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Solving A Trignometric Equation

  1. Oct 9, 2009 #1
    1. The problem statement, all variables and given/known data

    Find all solutions to the equation in the interval [0,2[tex]\pi[/tex]] algebraically.

    cos2x(2cos+1)=0

    2. Relevant equations

    NA

    3. The attempt at a solution

    This is what I've done, but I don't think it's right. I set cos2x=0 and 2cos+1=0. Since cos2x is a multi-angle, I let t=2x and rewrote it as cost=0 That means t equals [tex]\pi[/tex]\2+n[tex]\pi[/tex].

    That also means 2x=[tex]\pi[/tex]\2+n[tex]\pi[/tex]. After dividing out the 2, I get x=[tex]\pi[/tex]\4+n[tex]\pi[/tex]\2.

    I get the answers [tex]\pi[/tex]\4, 3[tex]\pi[/tex]\4, 5[tex]\pi[/tex]\4, and 7[tex]\pi[/tex]\4. This doesn't seem right to me. Shouldn't I only get two answers.

    The other one seems easier. I got cosx by itself and it is cosx=-1\2. That means x is equal to 2[tex]\pi[/tex]\3 and 4[tex]\pi[/tex]\3.

    Am I doing this correctly?

    Thanks!
     
  2. jcsd
  3. Oct 9, 2009 #2
    The pi symbols aren't supposed to be raised up like that. It's just pi; sorry about that.
     
  4. Oct 9, 2009 #3
    cosx=0 has two solutions, but you have four solutions to cos2x=0. That 2 multiplied with the x in cos2x makes its period only half as long as that of cosx, going from a period of 2[itex]\pi[/itex] to [itex]\pi[/itex]
    cosx=0 has just two solutions in [0, [itex]\pi[/itex]], so cos2x=0 should have twice as many solutions, because it now goes through two periods in [0, [itex]\pi[/itex]].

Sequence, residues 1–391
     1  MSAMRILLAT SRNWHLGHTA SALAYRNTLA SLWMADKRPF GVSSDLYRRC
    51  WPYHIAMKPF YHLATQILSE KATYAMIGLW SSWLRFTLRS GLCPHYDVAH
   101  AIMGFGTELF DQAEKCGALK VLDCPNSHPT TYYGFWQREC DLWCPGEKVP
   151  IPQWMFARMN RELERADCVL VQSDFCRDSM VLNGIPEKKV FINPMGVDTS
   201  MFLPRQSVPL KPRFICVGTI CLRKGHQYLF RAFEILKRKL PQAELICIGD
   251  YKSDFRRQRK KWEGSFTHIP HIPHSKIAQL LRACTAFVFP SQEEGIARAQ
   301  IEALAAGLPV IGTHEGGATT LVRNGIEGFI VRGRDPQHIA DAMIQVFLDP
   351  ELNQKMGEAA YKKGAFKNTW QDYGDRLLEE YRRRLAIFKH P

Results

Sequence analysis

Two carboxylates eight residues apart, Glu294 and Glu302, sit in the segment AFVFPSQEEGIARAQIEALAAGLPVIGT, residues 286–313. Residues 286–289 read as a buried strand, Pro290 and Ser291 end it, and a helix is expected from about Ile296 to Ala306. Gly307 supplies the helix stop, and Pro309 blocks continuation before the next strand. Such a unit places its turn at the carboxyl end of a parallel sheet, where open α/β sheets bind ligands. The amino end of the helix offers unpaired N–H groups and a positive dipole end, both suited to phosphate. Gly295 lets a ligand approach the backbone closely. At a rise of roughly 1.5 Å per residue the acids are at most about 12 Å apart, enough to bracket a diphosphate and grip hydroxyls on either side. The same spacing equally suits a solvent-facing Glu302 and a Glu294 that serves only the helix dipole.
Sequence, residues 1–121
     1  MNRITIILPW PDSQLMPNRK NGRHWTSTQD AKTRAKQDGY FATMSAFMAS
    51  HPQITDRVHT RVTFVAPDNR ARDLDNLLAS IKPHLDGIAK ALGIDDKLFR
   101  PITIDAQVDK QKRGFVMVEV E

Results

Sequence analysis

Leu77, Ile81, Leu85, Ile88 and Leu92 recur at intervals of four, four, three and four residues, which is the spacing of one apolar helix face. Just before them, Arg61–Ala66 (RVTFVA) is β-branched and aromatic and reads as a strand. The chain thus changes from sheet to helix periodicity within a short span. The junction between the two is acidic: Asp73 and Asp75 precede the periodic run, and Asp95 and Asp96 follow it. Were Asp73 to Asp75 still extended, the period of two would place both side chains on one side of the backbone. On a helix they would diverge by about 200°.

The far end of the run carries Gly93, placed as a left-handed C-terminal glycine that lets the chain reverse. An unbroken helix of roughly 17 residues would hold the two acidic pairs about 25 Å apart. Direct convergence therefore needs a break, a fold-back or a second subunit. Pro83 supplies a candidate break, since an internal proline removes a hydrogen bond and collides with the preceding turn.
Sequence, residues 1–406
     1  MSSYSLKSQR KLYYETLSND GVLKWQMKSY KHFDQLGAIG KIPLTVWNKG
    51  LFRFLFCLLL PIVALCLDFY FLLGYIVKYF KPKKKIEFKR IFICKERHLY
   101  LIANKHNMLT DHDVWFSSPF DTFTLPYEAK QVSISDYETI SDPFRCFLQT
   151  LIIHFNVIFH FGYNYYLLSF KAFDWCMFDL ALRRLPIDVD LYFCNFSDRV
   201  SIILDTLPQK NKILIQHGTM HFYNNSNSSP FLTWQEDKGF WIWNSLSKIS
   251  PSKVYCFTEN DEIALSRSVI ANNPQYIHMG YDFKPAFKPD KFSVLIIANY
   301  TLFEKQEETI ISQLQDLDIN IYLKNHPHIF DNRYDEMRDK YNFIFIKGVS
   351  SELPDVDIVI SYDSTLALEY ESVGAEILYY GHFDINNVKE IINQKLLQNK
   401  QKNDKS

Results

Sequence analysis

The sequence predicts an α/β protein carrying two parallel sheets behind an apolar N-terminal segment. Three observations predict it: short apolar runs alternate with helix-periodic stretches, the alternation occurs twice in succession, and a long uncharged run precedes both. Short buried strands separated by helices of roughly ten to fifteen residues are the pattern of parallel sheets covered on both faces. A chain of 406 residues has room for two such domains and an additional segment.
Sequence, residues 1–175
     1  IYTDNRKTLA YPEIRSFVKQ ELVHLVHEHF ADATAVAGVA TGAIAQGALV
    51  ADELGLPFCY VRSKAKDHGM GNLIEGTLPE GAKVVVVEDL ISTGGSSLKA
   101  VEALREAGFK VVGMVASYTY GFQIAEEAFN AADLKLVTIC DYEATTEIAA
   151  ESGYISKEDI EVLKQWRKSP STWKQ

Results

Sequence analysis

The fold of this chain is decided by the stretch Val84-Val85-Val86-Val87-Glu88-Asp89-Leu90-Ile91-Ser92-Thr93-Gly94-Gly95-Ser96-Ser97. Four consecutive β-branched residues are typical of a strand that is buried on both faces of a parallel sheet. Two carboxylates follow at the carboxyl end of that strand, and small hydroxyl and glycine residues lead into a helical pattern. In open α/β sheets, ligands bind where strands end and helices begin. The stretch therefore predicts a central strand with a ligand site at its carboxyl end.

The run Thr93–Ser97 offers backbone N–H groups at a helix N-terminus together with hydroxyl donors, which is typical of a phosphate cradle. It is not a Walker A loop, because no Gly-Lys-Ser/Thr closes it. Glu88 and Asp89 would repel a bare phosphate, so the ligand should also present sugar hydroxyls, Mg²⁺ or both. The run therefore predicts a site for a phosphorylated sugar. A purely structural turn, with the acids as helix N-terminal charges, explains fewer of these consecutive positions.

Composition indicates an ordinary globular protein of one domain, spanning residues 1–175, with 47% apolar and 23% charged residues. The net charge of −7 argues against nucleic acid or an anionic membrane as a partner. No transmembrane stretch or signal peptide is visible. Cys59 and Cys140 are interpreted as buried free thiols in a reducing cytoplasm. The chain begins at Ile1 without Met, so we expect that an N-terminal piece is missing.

Hopefully this doesn't make it more complicated for you. You can also look at the graph of cos2x to see that there are four solutions in [0, [itex]\pi[/itex]].


    Instead of the [ tex ] tags, you can use [ itex ] where the LaTeX fits better within other text like you have. Also, your division lines should be going the other way. For example, [itex]\pi[/itex]/4
     
  5. Oct 9, 2009 #4
    Thank you for you reply! I plugged in the equations separately, and then as the original equation. It really helped visualize what was going on and I could double check using the trace function. I did not think to try this before. It all makes sense now!

    I'll try to clean up my tags and symbols; thanks for the tips.
     
  6. Oct 10, 2009 #5

    HallsofIvy

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    ?? What does "2cos+1" mean? Is that supposed to be "2cos(x)+ 1"?
    If the problem is to solve cos(2x)(2cos(x)+ 1)= 0 then, yes, either cos(2x)= 0 or 2cos(x)+ 1= 0. cosine is 0, in the interval [itex][0, 2\pi][/itex] only for 0 and [itex]2\pi[/itex] so you have 2x= 0 and [itex]2x= 2\pi[/itex] as roots.

    2cos(x)+ 1= 0 gives cos(x)= -1/2. Think about dividing an equilateral triangle in half.
     
    Last edited: Oct 11, 2009
  7. Oct 10, 2009 #6
    It's supposed to be 2cos(x)+1. I'm sorry, I mistyped it. I calculated the problem correctly and Bohrok helped me understand why x has twice as many solutions for cos(2x)=0.
     
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